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How safe are British salads?

There have been no cases of food pathogens resulting from British tomato, pepper or cucumber production in living memory and consumers can continue to buy and enjoy.

British produce with confidence.

The answer is – the safest in the world!

The news has been awash with reports of the serious outbreak of E. coli linked to the Hamburg area of Germany. The German health authorities have now concluded that the source of this new strain of the bacterium is a locally produced food item, not imported cucumbers or other salad crops.

E. coli does not infect plants. Fruit and vegetables can only be involved in this sort of incident if they are contaminated through poor food hygiene practices, or from animal manures or contaminated water applied to crops.

The most likely sources of food poisoning infections such as E. coli are:

  • Cross-contamination from other foods in storage, especially where raw meat and chicken is stored above salad drawers in the fridge.
  • Cross-contamination during food preparation from poor hygiene practices, such as dirty work surfaces, utensils and hands.
  • Contamination during harvesting or packing, where hygiene procedures and sanitation are not adequate.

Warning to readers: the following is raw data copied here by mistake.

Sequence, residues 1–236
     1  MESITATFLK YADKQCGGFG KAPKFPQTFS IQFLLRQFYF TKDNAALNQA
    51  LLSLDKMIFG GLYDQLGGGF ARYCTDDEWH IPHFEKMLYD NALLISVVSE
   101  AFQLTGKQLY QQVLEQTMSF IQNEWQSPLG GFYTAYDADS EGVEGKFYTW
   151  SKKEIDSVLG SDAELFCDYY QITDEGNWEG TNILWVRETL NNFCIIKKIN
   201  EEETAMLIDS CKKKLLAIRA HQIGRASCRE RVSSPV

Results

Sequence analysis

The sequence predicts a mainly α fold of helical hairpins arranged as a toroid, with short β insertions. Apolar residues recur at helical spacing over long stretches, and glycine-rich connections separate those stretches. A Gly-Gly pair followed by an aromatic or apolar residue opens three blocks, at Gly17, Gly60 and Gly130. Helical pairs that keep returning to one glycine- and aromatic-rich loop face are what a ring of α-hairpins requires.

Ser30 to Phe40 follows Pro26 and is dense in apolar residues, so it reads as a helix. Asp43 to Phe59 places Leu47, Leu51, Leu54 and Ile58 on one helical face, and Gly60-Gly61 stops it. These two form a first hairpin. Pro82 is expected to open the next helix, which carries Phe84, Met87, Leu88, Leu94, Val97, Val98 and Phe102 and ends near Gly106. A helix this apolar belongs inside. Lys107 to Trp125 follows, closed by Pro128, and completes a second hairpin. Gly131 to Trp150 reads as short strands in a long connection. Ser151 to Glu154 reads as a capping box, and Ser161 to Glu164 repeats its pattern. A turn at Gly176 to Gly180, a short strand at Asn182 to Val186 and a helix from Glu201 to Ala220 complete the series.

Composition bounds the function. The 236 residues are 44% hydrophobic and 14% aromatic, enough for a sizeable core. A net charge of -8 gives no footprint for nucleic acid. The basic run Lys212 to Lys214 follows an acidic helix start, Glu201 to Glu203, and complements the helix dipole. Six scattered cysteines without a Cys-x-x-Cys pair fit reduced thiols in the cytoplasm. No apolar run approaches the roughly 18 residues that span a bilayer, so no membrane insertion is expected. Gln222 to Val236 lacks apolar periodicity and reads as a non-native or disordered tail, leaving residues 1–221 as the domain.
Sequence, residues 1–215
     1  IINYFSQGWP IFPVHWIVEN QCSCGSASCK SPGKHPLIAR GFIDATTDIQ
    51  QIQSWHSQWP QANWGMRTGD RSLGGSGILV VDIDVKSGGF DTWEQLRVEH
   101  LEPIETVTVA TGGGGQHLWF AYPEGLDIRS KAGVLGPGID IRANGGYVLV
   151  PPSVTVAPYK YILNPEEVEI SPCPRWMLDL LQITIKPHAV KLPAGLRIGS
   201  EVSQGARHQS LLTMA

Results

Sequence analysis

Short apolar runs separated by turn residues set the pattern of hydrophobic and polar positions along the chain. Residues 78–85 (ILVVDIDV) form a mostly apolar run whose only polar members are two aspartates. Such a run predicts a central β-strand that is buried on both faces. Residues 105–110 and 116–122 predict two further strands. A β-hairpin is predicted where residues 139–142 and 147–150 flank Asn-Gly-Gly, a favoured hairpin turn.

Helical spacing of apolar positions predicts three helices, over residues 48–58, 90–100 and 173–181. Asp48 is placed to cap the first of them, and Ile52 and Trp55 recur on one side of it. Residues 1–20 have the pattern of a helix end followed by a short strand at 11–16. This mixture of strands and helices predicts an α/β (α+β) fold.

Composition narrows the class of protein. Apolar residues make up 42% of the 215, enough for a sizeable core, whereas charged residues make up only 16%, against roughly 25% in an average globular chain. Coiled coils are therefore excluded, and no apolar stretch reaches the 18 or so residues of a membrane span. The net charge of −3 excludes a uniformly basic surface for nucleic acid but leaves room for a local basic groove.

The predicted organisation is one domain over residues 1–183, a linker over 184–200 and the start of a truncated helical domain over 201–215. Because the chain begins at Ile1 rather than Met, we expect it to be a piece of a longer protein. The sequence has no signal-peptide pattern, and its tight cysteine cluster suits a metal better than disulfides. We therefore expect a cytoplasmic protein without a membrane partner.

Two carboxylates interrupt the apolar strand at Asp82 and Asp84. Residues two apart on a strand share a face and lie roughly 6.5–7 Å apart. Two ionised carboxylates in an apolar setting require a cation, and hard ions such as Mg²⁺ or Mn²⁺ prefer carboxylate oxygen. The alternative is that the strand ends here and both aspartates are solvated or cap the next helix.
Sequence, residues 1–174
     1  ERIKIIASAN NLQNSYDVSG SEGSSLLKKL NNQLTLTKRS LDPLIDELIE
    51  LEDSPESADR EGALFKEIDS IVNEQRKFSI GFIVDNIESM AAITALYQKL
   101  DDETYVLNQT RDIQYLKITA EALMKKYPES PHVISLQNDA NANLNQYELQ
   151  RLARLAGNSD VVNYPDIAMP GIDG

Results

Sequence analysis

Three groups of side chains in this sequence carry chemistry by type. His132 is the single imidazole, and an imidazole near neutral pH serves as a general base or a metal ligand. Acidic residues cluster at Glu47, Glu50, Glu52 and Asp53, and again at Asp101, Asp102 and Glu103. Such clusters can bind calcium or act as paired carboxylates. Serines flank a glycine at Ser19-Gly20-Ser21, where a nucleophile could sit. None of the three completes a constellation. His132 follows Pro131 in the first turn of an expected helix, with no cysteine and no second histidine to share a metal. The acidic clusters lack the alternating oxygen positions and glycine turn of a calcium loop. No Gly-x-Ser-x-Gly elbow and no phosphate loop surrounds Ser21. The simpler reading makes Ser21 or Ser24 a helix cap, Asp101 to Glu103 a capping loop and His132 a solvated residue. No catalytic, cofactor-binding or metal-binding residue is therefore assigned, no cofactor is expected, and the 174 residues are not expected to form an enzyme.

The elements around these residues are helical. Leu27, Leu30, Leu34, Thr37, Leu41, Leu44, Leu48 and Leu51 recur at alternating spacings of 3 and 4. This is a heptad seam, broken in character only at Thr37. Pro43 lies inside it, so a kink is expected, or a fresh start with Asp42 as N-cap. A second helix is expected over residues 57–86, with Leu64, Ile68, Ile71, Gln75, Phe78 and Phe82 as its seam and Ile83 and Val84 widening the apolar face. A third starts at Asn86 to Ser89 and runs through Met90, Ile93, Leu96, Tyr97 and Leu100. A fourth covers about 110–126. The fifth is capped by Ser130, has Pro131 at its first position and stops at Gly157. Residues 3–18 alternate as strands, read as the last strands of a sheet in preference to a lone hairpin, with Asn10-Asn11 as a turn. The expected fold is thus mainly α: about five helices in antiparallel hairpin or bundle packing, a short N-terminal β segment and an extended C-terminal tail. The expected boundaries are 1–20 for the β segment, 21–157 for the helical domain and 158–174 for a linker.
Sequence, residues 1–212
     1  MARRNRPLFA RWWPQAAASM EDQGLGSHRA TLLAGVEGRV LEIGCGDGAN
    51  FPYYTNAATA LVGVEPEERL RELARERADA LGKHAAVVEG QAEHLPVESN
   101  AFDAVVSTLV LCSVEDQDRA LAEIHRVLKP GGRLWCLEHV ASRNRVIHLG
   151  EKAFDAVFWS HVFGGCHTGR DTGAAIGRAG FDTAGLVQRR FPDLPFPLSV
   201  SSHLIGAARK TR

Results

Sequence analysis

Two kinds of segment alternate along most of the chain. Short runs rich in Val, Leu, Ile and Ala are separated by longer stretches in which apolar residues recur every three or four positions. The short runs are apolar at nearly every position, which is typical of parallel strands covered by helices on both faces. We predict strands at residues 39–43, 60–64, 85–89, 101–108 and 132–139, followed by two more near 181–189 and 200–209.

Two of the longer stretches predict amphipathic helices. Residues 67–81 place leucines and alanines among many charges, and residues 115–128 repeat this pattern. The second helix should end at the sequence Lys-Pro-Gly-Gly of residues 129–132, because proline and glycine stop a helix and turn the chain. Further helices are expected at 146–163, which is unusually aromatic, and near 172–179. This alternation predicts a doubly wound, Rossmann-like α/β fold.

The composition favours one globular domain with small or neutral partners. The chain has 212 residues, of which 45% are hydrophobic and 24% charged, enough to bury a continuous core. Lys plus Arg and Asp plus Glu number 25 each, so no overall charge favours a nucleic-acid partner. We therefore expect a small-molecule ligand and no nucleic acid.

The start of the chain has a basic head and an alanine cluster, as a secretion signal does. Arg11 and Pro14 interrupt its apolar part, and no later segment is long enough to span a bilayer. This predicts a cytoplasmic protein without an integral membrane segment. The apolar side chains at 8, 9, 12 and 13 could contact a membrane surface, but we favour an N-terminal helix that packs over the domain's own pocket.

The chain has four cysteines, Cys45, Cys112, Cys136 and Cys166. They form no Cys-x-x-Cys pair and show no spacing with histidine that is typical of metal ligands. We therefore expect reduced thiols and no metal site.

• Water used to irrigate crops being contaminated with human or animal waste. This is most likely to happen where water is extracted from streams and rivers where sewerage and waste treatment systems are not as good as in the UK; where crops are grown outside in hot climates; and where crops are irrigated overhead by spraylines i.e. the leaves and fruit are wetted, not just the roots.
  • The soil, to which animal manures have been applied, either by direct contact of produce with the soil or water splash from it.

Is there any risk from eating British tomatoes, peppers and cucumbers?

The most rigorous standards of hygiene and cleanliness are adopted in British nurseries and packhouses. British retailers insist on regular inspections, audits and testing to ensure these standards are met and maintained.

Growing and packing staff are subject to health screening on appointment and at regular intervals thereafter.
Packaging is commonly used to protect food from handling by others during sale.

British crops are irrigated with clean water from mains or borehole supplies or filtered rainwater, not from streams or rivers.  None are irrigated by overhead spraylines, water being applied directly to the roots.
All British commercial tomato, pepper and cucumber crops are grown in greenhouses, not outside.
Apart from organic crops, all British tomato, pepper and cucumber crops are grown in isolation from the soil, mostly in grow bags in sterile growing materials such as rockwool.

Animal manures are not used for growing any of these crops.
British tomatoes are great in cooked dishes, without the salt and sugar added to many processed ones, so that’s always an option.

Joint release from the TGA & CGA - 13 June 2011.

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